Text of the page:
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ORIGINAL RESEARCH article

Front. Cardiovasc. Med., 05 January 2023
Sec. Cardiovascular Metabolism
Volume 9 - 2022 | https://doi.org/10.3389/fcvm.2022.1076808

Single-cell transcriptomes and T cell receptors of vaccine-expanded apolipoprotein B-specific T cells

Felix Sebastian Nettersheim1,2 Yanal Ghosheh1 Holger Winkels1,2 Kouji Kobiyama1 Christopher Durant1 Sujit Silas Armstrong1 Simon Brunel1 Payel Roy1 Thamotharampillai Dileepan3 Marc K. Jenkins3 Dirk M. Zajonc1 Klaus Ley1,4,5*
  • 1La Jolla Institute for Immunology, La Jolla, CA, United States
  • 2Department of Cardiology, Faculty of Medicine and University Hospital Cologne, University of Cologne, Cologne, Germany
  • 3Department of Microbiology and Immunology, University of Minnesota Medical School, Minneapolis, MN, United States
  • 4Department of Bioengineering, University of California, San Diego, San Diego, CA, United States
  • 5Immunology Center of Georgia (IMMCG), Augusta University, Augusta, GA, United States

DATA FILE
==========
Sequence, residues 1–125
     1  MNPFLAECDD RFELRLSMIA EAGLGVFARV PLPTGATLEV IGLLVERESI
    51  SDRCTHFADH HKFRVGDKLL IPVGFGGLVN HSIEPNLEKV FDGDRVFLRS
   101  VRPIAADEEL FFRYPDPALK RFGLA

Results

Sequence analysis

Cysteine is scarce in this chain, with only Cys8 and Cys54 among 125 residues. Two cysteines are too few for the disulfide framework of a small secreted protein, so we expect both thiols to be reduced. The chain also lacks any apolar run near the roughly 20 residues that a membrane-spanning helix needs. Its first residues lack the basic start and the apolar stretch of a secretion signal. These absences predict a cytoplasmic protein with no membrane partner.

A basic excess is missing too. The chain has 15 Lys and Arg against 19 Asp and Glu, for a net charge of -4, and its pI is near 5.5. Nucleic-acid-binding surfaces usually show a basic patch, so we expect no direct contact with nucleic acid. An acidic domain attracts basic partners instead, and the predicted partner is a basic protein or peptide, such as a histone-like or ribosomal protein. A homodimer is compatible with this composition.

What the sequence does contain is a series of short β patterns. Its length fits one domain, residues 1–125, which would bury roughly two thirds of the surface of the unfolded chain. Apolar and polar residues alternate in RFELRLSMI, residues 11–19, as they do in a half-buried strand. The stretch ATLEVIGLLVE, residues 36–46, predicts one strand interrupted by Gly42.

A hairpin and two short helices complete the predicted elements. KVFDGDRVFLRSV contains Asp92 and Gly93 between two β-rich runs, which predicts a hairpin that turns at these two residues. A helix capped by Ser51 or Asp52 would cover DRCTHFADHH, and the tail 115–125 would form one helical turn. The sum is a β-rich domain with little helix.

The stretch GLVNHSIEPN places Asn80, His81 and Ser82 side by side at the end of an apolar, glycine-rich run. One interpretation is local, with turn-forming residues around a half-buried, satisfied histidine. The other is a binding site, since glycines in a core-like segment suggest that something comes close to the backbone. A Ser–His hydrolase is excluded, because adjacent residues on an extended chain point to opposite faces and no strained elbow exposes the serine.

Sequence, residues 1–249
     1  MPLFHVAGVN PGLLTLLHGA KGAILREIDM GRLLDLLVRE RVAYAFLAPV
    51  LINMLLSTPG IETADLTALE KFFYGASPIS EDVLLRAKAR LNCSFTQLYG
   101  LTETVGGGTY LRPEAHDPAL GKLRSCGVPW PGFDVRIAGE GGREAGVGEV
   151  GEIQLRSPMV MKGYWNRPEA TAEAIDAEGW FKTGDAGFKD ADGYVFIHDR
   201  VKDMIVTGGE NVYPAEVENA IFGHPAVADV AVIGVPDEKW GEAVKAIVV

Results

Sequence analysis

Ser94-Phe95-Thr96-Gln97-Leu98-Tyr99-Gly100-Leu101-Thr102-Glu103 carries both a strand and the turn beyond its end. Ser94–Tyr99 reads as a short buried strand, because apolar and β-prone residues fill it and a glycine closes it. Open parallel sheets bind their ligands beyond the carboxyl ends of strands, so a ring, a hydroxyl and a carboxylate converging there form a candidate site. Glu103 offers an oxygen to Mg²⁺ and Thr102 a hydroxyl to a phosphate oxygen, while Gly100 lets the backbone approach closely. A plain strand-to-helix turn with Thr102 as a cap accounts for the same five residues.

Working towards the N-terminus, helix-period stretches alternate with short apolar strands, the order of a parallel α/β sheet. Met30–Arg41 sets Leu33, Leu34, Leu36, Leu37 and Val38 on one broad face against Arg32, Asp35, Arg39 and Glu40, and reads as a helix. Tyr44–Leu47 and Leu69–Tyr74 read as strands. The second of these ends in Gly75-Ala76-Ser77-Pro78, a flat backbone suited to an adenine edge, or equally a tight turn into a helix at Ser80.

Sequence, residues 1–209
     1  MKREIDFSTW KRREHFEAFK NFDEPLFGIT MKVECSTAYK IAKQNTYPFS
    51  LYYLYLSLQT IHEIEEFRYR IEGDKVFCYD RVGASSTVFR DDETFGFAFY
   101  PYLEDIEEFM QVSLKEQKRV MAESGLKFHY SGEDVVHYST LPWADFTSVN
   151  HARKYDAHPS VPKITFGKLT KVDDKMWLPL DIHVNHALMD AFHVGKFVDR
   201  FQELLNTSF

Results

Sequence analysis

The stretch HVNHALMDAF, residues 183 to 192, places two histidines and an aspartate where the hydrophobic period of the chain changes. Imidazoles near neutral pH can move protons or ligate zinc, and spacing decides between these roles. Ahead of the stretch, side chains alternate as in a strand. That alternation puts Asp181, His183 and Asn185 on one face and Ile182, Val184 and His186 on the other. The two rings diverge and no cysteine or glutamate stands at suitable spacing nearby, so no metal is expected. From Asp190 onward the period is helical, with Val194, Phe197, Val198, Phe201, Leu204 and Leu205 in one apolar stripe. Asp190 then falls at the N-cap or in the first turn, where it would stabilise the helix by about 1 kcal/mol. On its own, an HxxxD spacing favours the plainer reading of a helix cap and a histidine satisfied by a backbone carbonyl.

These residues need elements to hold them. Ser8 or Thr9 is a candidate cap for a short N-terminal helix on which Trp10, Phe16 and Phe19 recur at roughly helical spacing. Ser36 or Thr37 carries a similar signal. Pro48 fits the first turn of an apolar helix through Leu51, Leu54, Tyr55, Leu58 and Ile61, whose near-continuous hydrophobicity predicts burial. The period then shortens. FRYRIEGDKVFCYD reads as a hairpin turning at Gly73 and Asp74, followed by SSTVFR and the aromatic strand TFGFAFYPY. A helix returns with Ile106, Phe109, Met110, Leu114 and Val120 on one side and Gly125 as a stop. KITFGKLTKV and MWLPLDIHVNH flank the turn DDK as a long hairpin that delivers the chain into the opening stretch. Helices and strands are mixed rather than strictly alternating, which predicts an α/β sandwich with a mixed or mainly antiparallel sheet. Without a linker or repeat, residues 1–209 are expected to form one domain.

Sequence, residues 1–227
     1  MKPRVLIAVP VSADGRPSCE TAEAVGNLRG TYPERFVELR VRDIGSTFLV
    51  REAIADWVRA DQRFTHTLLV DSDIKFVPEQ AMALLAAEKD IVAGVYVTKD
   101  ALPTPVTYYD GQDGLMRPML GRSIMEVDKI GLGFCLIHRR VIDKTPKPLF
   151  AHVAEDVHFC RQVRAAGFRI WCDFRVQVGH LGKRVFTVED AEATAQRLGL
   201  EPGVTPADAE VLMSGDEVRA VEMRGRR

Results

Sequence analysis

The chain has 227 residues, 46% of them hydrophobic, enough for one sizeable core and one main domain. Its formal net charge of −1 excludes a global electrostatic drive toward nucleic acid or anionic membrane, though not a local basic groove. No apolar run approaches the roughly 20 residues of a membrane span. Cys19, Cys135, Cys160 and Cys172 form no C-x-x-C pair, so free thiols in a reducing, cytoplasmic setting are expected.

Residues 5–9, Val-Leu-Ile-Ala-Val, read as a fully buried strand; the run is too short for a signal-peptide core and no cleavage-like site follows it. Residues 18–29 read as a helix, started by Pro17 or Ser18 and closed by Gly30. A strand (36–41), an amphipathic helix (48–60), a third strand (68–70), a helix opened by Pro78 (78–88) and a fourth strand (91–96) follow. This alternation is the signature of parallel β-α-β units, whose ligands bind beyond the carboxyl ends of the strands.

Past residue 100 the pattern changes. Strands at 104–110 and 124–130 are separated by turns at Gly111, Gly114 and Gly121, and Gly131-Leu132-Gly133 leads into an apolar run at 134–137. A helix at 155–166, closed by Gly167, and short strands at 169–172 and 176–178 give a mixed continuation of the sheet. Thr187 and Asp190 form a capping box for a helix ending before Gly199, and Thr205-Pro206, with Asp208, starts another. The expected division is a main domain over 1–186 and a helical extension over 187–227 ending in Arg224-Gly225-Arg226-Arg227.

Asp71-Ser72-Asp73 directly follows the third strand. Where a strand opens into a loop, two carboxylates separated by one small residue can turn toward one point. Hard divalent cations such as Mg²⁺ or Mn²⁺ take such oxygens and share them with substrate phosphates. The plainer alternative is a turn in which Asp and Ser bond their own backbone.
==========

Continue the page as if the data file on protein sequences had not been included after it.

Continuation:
Atherosclerotic cardiovascular diseases are the major cause of death worldwide. CD4 T cells responding to Apolipoprotein B (ApoB), the core protein of most lipoproteins, have been identified as critical disease modulators. In healthy individuals, ApoB-reactive (ApoB+) CD4 T cells are mostly regulatory T cells (Tregs), which exert anti-inflammatory effects. Yet, they may obtain pro-inflammatory features and thus become proatherogenic. Evidence from animal studies suggests that vaccination against certain major histocompatibility complex (MHC) II-binding ApoB peptides induces an expansion of ApoB+ Tregs and thus confers atheroprotection. To date, in-depth phenotyping of vaccine-expanded ApoB+ T cells has not yet been performed. To this end, we vaccinated C57BL/6J mice with the ApoB-peptide P6 (ApoB978–993 TGAYSNASSTESASY) and performed single-cell RNA sequencing of tetramer-sorted P6+ T cells. P6+ cells were clonally expanded (one major, two minor clones) and formed a transcriptional cluster distinct from clusters mainly containing non-expanded P6+ and P6 cells. Transcriptomic profiling revealed that most expanded P6+ cells had a strong Treg signature and highly expressed genes mediating suppressive functions. Yet, some expanded P6+ cells only had a residual Treg signature and expressed genes related to T helper 1 (TH1) cells, which are proatherogenic. Modeling the T cell receptor (TCR) and P6:MHC-II interaction showed that only three amino acid residues in the α and β chain contact the P6 peptide in the MHC-II groove and thus determine the specificity of this TCR to P6. Our data begin to reveal the vaccination-induced response to an ApoB epitope.